The Jobs-Report Black Box: It's Game On The report may have been in a sweet spot: positive enough to justify a more bullish call, but not hot enough to stop QE3.
A small secret worth sharing: I operate in the financial Twilight Zone as a rogue agent who must do battle with many formidable, ever-changing foes. Time is a foe: You pen an opinion at 8 a.m. EDT and it stands to be utter rubbish by the session open. You make a stock call on Feb. 6, 2012, and it's sucked into a Google (GOOG) loop, never to disappear. You miss a sliver of daily trading action, and the ensuing few weeks could make you appear dumb.
Luckily I am mentally tough as nails -- 'cause, lemme tell ya, it's fierce out there. One of the most difficult things for me has always emerged on jobs-report Fridays. On Thursday night XYZ seems valid -- yet, after the employment figures, the view has become completely off-base, or far enough from the mark to prompt one to head back to the drawing board. So, henceforth, on each jobs-report Friday there will be a "Black Box" column -- a chronicled collection of before and after thoughts on the market and its direction.
Before: Negative on the market, but finding encouraging indicators.Date: Thursday, Nov. 1, 2012 11 p.m.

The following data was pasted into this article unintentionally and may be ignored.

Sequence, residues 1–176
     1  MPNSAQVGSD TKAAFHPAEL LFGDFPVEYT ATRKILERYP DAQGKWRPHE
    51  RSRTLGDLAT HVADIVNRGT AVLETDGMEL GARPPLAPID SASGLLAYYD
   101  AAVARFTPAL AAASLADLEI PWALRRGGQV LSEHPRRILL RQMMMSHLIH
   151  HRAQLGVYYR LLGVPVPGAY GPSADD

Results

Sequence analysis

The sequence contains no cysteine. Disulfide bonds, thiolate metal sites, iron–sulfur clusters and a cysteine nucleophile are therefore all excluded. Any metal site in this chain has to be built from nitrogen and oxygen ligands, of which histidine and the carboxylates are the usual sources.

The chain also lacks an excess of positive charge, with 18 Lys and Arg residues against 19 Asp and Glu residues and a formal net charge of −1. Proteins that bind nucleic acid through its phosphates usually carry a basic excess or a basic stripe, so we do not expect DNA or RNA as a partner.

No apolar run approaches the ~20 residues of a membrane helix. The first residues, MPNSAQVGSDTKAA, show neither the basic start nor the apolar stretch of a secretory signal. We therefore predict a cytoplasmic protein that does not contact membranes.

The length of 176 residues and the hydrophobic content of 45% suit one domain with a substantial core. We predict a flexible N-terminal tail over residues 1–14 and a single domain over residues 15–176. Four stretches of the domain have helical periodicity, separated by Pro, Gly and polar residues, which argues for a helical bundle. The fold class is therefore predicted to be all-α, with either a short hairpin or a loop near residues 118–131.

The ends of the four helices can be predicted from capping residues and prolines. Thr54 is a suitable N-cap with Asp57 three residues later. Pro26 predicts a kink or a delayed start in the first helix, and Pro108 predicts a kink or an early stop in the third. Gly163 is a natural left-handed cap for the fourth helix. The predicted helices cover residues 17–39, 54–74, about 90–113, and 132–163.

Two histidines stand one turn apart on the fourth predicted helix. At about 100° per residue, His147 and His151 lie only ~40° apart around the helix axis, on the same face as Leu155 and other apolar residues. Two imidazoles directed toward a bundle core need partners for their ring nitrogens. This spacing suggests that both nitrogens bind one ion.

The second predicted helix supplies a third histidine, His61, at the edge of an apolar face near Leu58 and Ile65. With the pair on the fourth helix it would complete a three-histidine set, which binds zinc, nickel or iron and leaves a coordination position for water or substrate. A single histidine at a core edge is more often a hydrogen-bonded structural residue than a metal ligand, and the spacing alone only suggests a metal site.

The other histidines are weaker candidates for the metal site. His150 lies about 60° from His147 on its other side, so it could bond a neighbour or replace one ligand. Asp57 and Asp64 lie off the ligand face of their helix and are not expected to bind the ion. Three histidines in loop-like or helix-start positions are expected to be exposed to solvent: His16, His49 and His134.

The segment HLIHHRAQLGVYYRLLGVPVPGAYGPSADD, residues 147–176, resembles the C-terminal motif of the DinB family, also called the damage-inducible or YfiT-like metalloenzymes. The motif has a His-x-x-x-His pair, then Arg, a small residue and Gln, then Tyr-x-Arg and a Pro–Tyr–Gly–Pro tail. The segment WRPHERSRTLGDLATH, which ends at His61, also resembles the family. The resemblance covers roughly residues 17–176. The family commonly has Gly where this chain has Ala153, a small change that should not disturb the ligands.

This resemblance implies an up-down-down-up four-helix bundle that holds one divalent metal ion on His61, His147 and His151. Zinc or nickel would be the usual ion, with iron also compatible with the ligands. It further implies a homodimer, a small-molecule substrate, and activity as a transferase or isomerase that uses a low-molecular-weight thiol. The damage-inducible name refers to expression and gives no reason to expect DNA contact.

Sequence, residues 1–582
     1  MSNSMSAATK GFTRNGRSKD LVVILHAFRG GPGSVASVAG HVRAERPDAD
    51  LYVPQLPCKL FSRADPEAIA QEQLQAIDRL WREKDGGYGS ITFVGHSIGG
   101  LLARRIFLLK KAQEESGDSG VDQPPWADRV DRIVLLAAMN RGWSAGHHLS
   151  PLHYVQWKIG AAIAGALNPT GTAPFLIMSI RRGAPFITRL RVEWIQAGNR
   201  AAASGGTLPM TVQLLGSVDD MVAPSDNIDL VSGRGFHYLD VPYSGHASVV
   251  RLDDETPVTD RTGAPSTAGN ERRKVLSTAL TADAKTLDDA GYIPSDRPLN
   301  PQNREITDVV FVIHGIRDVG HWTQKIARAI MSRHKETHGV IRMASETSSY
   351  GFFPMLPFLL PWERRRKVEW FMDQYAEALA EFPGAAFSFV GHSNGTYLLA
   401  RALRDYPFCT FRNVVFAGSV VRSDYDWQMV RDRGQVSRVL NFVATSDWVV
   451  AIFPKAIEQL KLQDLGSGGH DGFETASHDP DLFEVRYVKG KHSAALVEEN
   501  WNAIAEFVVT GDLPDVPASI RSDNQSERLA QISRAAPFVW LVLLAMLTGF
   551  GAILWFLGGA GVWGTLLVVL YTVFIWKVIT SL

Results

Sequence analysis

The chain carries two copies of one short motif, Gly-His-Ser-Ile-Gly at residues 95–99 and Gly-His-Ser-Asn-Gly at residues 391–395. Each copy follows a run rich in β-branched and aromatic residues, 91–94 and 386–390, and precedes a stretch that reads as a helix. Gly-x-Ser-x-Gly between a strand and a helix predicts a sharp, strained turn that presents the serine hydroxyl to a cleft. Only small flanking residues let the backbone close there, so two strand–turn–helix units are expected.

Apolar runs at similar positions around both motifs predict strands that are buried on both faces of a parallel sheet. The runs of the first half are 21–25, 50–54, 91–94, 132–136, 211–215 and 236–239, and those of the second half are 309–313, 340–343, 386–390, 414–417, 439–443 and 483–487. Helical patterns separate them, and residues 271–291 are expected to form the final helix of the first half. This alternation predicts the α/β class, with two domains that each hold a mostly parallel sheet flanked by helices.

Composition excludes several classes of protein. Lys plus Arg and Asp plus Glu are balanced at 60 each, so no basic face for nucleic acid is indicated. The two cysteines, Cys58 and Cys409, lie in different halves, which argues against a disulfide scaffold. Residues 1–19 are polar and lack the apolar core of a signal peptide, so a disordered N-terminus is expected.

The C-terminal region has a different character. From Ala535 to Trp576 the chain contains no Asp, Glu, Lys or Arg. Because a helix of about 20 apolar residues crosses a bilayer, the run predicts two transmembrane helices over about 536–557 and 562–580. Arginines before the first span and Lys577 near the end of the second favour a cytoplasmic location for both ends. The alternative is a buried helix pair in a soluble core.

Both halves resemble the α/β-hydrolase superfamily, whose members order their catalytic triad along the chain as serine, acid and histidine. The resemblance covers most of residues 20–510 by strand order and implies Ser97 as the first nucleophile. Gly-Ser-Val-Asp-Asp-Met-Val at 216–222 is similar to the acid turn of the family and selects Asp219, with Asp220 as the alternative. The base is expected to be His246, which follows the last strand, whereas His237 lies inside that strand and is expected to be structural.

- The feeling in the market is that, once we are beyond the U.S. presidential election, stocks will enjoy expansion in their price-to-earnings multiples, to be followed by upgraded earnings estimates. Those very weak corporate new-order rates will no longer be an issue. Arkansas Best (ABFS) said it has slashed tractor replacements by 8% due to economic conditions? This decision will be reversed inside a day. Hold those horses. Nowhere is it written that any of this "uncertainty" will be wiped clean with a run to the ballot boxes, nor that enough "uncertainty" is deemed positive certainty to the extent the market wants it to be. After all, Europe, pending a solar-system upheaval, is still with us in present form.
- The market loved the Institute for Supply Management manufacturing index. It was a supposed euphoric read on the economy and a potential recovery. Instead, I say it showed weakness in machinery, transportation equipment and electrical equipment -- the goods required to build a fallen economic pyramid. I think the ISM report actually supported the negative tone of earnings season, from results to guidance.
- Steel stocks reacted positively to China news, reversing course starkly from the sympathy decline Wednesday due to U.S. Steel's (X - Get Report) earnings -- the China purchasing managers index joins forces with U.S. Steel's shift in tone on pricing dynamics near the end of the quarter.
- Cummins (CMI - Get Report) built on Wednesday's session, though the company's earnings were not gangbusters by any stretch of the imagination.
- There are perceived earnings season winners in Eaton (ETN - Get Report) and DineEquity (DIN - Get Report), shares of which have exhibited follow-through.
- Wal-Mart (WMT - Get Report) ceded ground on an outside chance that consumers will visit more discretionary retailers for the holiday. I do caution, however, that the stock could have been smacked around from Target's (TGT) merely adequate month of sales.